Mercury at Inferior Conjunction

Today Mercury will be at inferior conjunction. After today the planet will reappear in the dawn, rising high enough from the Sun’s glow to be seen around the end of the year.

Mercury Transit 9May2016
Mercury transiting the Sun on May 9, 2016. Celestron C8 and Canon 6D at f/10.
Inferior conjunction is when the planet passes between the Sun and the Earth. As such the only planets to see inferior conjunction are Mercury and Venus. A transit is possible if the planet passes directly in front of the Sun, but normally this alignment does not occur, the planet passing above or below the Sun as seen from the Earth. There are no transits of Mercury in 2017, the next will be Nov 11, 2019.

Continue reading “Mercury at Inferior Conjunction”

Geminids

The annual Geminid meteor shower has become one of the most reliable annual meteor showers. Known for bright and slow moving fireballs the Geminids can provide a good reason to spend a few hours outside on a December night. This shower has routinely provided rates above 100 meteors per hours in past years, this year should be no exception.

Leonids in Orion
A pair of Leonid meteors streak through Orion, combination of 10 x 15s frames
First observed over 150 years ago this is a interesting meteor shower. The parent body for the Geminids is not a comet as with most showers, but rather the asteroid 3200 Phaethon. It is somewhat of a mystery how this mostly rocky body gives rise to the debris stream needed to generate a meteor shower. The asteroid does orbit well inside the orbit of Mercury every four years, where intense solar heating may heat trapped ice and liberate loose material from the surface.

The peak is expected to occur around December 14, 06:30UT. For viewers here in Hawaiʻi this occurs on the evening of December 13th. The Geminids feature a broad peak, with high rates for nearly 24 hours, thus allowing the all time zones a decent chance to enjoy the show.

There should be no substantial moonlight to drown out this years showing, dark skies to allow even the faintest meteors to be seen. The Moon is a thin waxing crescent, 1% illuminated on the morning of the 13th, essentially new.

The Geminid radiant rises round 8pm, thus meteors should be visible all night long. You can stay up late or set the alarm early, your preference. Southern viewers will have to wait until around midnight for the constellation Gemini to rise, making this a morning shower.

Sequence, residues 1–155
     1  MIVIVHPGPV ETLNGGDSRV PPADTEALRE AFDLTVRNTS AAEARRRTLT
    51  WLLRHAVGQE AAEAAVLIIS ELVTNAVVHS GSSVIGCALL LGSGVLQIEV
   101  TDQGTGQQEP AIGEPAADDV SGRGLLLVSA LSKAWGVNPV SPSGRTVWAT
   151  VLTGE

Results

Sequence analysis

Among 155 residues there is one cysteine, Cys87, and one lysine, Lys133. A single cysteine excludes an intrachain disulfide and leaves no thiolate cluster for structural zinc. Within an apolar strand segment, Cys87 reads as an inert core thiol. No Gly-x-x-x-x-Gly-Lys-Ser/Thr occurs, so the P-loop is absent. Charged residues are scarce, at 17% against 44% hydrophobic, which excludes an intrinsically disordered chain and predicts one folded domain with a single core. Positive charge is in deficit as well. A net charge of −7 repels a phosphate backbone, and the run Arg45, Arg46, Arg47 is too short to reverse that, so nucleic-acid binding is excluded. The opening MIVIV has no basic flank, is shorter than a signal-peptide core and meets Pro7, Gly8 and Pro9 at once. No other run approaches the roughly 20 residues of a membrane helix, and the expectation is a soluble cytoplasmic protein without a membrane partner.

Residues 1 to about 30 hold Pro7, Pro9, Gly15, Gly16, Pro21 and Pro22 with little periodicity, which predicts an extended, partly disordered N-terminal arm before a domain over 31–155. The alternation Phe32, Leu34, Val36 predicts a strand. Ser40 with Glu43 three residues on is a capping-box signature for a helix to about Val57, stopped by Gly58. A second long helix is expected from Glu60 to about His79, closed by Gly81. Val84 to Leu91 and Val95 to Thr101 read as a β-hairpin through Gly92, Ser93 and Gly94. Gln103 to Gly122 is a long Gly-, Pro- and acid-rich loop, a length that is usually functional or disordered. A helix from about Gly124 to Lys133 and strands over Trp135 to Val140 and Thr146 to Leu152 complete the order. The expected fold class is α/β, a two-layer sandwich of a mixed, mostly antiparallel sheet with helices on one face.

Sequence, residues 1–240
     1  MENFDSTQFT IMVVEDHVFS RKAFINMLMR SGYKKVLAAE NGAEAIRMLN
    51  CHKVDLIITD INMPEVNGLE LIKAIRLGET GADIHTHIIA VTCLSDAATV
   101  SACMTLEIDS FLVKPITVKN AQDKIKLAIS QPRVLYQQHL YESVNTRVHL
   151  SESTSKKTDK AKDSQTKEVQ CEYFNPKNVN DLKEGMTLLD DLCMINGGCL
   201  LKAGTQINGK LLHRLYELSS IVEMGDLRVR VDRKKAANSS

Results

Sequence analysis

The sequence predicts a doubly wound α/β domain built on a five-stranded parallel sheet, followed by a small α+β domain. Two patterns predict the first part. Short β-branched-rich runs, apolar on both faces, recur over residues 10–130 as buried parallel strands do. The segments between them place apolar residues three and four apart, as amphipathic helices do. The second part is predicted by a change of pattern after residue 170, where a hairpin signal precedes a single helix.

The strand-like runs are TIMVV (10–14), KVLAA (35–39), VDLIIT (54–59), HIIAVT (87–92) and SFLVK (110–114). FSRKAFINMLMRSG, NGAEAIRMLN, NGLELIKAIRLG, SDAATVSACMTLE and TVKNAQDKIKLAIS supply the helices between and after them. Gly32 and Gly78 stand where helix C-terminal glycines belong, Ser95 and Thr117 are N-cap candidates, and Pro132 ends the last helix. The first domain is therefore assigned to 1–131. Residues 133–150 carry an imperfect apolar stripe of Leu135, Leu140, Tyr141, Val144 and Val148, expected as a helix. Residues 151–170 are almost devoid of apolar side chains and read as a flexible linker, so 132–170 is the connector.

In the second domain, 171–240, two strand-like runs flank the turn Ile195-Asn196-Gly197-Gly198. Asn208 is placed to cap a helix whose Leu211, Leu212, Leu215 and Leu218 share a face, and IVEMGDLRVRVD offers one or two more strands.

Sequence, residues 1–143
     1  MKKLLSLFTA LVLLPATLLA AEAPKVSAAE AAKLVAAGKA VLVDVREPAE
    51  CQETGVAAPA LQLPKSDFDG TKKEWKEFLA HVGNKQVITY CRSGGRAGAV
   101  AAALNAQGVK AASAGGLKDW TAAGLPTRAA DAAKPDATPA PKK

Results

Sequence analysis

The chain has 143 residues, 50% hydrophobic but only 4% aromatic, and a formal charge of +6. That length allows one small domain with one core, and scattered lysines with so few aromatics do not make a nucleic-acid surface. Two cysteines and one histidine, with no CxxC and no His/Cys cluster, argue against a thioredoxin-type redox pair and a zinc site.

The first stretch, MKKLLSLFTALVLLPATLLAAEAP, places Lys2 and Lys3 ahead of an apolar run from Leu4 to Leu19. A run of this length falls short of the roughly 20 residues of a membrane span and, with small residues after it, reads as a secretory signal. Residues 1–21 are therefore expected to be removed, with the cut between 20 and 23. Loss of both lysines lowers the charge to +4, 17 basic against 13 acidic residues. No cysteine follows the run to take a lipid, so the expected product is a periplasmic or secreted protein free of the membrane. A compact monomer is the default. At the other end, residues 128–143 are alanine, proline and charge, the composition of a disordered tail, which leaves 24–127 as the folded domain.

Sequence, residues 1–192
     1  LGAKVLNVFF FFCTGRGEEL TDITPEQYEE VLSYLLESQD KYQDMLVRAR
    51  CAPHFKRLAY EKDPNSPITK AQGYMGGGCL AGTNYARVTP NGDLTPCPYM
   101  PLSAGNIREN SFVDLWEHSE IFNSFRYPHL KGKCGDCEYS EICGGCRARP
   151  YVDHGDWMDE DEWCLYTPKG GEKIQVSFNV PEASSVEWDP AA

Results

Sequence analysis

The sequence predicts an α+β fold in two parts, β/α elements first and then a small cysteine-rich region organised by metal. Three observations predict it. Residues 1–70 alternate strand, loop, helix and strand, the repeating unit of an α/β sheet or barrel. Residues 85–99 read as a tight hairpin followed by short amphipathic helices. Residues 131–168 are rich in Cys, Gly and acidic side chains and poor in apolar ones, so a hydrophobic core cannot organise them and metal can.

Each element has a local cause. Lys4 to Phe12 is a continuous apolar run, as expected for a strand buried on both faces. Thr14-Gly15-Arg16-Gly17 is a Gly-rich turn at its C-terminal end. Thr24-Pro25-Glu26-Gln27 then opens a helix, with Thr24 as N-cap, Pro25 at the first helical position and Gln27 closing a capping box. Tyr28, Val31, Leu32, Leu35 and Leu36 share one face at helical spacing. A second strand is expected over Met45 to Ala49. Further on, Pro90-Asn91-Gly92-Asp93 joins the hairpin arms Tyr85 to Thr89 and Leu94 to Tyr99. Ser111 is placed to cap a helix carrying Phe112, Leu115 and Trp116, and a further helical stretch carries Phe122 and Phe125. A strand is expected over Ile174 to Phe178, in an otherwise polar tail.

Watching meteors requires no more equipment than your eyes and a dark sky, and can be enjoyable for just about anyone. Well? It is December, you should probably add a warm coat to the equipment list.

Full Moon

Full Moon
Full Moon taken 27Aug2007, 90mm f/12 APO and Canon 20Da
Full Moon will occur today at 05:47HST.

This full Moon will be a perigee full Moon, with the Moon appearing a bit larger and brighter. Today lunar perigee occurs about 17 hours of full, producing a full moon that is about 12% larger and 30% brighter than if full occurs while the Moon is at apogee.

Continue reading “Full Moon”

Laser Gallery

Snow on Mauna Kea?

The forecast looks promising. Not for observing, we lost most of the night last night to fog and clouds, the rest of the week looks worse. It does look like we may get some snow this week. Checking the cameras there are already a few flakes coming down, just a degree or so too warm to stick.

Winter is here… Snow for Christmas?

First Snowflakes of Winter
A few snowflakes in the camera… Snow for the holidays?

Update! Sticking now…

First Snow of Winter
The first snowfall of the 2017-2018 winter season atop Mauna Kea.

Mercury at Maximum Elongation

Today Mercury will be at maximum eastern elongation, as high in the evening sky as it will appear for this current apparition. After today the planet will slide back into the sunset, passing through inferior conjunction on December 12th to reappear in the morning sky around the end of the year.

Mercury Transit 9May2016
Mercury transiting the Sun on May 9, 2016. Celestron C8 and Canon 6D at f/10.
Mercury typically completes three morning and three evening apparitions in each year. While the innermost planet never gets very far from the Sun, maximum elongation represents the best time to observe Mercury as high in the sky as possible.

There are no transits of Mercury in 2017, the next will be Nov 11, 2019.

Continue reading “Mercury at Maximum Elongation”